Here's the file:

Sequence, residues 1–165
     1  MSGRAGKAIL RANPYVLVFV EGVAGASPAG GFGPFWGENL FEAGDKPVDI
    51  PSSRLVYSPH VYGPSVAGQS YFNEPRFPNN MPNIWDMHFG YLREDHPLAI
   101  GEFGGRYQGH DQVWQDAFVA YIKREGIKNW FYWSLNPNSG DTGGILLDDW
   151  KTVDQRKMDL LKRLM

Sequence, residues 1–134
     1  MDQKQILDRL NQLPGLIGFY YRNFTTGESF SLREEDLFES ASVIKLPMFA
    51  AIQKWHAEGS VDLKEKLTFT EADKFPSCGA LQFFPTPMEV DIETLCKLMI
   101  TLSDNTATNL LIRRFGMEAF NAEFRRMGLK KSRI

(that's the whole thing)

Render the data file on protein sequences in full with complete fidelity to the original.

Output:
Sequence, residues 1–165
     1  MSGRAGKAIL RANPYVLVFV EGVAGASPAG GFGPFWGENL FEAGDKPVDI
    51  PSSRLVYSPH VYGPSVAGQS YFNEPRFPNN MPNIWDMHFG YLREDHPLAI
   101  GEFGGRYQGH DQVWQDAFVA YIKREGIKNW FYWSLNPNSG DTGGILLDDW
   151  KTVDQRKMDL LKRLM

Sequence, residues 1–134
     1  MDQKQILDRL NQLPGLIGFY YRNFTTGESF SLREEDLFES ASVIKLPMFA
    51  AIQKWHAEGS VDLKEKLTFT EADKFPSCGA LQFFPTPMEV DIETLCKLMI
   101  TLSDNTATNL LIRRFGMEAF NAEFRRMGLK KSRI